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Presenter(s): Vickie L. Tuten, AuD, CCC-A, CPS/A; Kathy E. Gates, AuD, CCC-A
Credit(s): PDHs: 0.5, ASHA CEUs*: 0.05
Summary: Noise is prevalent in everyday life, and the general population lacks awareness of the risks of hazardous noise exposure and strategies to reduce noise-induced hearing loss. By integrating hearing loss prevention education into patient encounters and taking advantage of outreach/education opportunities, audiologists can help reduce the prevalence of noise-induced hearing loss. This course discusses the why, where, and how of integrating prevention education into your practice.
Credit(s): PDHs: 2.5, ASHA CEUs*: 0.25
Summary: These articles show the breadth of topics relevant to the understanding and treatment of fluency and fluency disorders. The articles include topics on the impact of allergies on the sleep of children who stutter and using solution-focused principles to elicit perspectives on therapeutic change in older children who stutter and their parents.
Credit(s): PDHs: 4.5, ASHA CEUs*: 0.45
Summary: In this activity, four recent SIG 10 articles are presented. First, Domsch, Stiritz, and Huff utilized a mixed-methods design to examine the cultural awareness of students in communication sciences and disorders (CSD) during and after a study-abroad experience. Next, Franca, Boyer, and Pegoraro-Krook explored activities designed to promote cultural and clinical competence in a collaboration between CSD programs in the United States and Brazil. Then, Veyvoda and Van Cleave reviewed the literature on service-learning and community-engaged learning, described how these approaches could be used in distance-learning modalities, and explored how doing so could be accomplished during and after the COVID-19 pandemic. Finally, Towson et al. studied the effectiveness of coaching paired with the use of a mixed-reality simulator as CSD students practiced interprofessional communication skills in role-play scenarios.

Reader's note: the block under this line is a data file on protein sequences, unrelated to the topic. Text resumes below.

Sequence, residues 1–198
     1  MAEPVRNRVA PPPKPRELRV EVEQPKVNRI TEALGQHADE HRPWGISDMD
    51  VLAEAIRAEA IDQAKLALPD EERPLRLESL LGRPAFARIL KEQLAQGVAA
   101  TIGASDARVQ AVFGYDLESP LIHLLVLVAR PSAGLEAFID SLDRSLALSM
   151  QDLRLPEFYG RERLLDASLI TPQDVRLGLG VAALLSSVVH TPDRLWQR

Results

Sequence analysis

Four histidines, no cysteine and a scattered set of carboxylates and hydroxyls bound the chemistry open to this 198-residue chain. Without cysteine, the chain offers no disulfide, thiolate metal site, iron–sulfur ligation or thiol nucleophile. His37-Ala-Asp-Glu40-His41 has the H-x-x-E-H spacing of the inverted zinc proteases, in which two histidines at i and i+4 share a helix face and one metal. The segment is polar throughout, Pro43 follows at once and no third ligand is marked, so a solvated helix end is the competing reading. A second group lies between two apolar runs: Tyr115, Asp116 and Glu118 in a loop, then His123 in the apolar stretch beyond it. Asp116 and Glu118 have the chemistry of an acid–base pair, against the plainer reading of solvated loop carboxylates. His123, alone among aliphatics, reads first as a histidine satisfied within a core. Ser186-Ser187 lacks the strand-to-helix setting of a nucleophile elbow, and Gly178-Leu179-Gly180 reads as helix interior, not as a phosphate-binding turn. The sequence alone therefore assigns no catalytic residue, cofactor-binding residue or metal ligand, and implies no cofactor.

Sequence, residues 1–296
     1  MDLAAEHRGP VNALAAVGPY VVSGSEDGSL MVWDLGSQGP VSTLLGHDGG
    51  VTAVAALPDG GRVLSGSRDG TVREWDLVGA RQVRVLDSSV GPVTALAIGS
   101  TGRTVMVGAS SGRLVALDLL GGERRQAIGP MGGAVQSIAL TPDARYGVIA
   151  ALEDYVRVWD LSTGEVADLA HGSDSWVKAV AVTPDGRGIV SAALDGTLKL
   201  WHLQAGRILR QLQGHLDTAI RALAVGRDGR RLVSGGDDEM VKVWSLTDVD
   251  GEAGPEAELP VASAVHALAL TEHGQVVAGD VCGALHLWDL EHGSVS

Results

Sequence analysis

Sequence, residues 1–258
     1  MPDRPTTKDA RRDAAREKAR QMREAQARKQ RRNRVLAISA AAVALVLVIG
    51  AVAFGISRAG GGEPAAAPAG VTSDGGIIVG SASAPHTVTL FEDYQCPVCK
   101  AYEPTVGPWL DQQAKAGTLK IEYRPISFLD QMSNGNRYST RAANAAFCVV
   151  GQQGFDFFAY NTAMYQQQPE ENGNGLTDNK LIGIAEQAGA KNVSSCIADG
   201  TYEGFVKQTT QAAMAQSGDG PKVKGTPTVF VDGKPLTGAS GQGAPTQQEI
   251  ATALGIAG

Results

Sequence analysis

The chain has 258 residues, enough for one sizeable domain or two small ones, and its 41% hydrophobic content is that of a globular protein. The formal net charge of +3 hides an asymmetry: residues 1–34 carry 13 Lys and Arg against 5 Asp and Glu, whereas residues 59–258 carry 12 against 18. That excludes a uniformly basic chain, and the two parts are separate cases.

Credit(s): PDHs: 3.0, ASHA CEUs*: 0.3
Summary: The theme for this Perspectives activity is clinical considerations in assessment of children and adults from culturally and linguistically diverse (CLD) backgrounds and providing culturally supporting treatment settings. Topics include (a) acoustic parameters of retroflex sounds, (b) the two-question method for assessing gender identity, (c) assessment recommendations for new language learners, and (d) creating culturally supportive settings to foster literacy development.
Credit(s): PDHs: 3.0, ASHA CEUs*: 0.3
Summary: These three articles describe current issues and advances related to hearing diagnostics, treatment, and prevention. The first article is a detailed description of the impact that COVID-19 face masks and social distancing regulations have had on speech recognition and how face masks affect the acoustic signal and increase cognitive effort in listeners with hearing loss. Suggestions for mitigating these deleterious impacts on communication are provided. The second article is a research study examining the correlation between self-perceived hearing difficulty, determined using a questionnaire (Adult Auditory Performance Scale), and speech-in-noise performance (Listening in Spatialized Noise–Sentences Test) in listeners with normal pure-tone thresholds. Results highlight the relationship between self-perceived hearing abilities and binaural speech-in-noise performance supporting the inclusion of speech-in-noise testing even in those with normal pure-tone thresholds. The third article is a review of current genetic, stem cell, and pharmacotherapy research for treatment and prevention of hearing loss. Animal models are discussed, as well as steps to translate this research into clinical practice.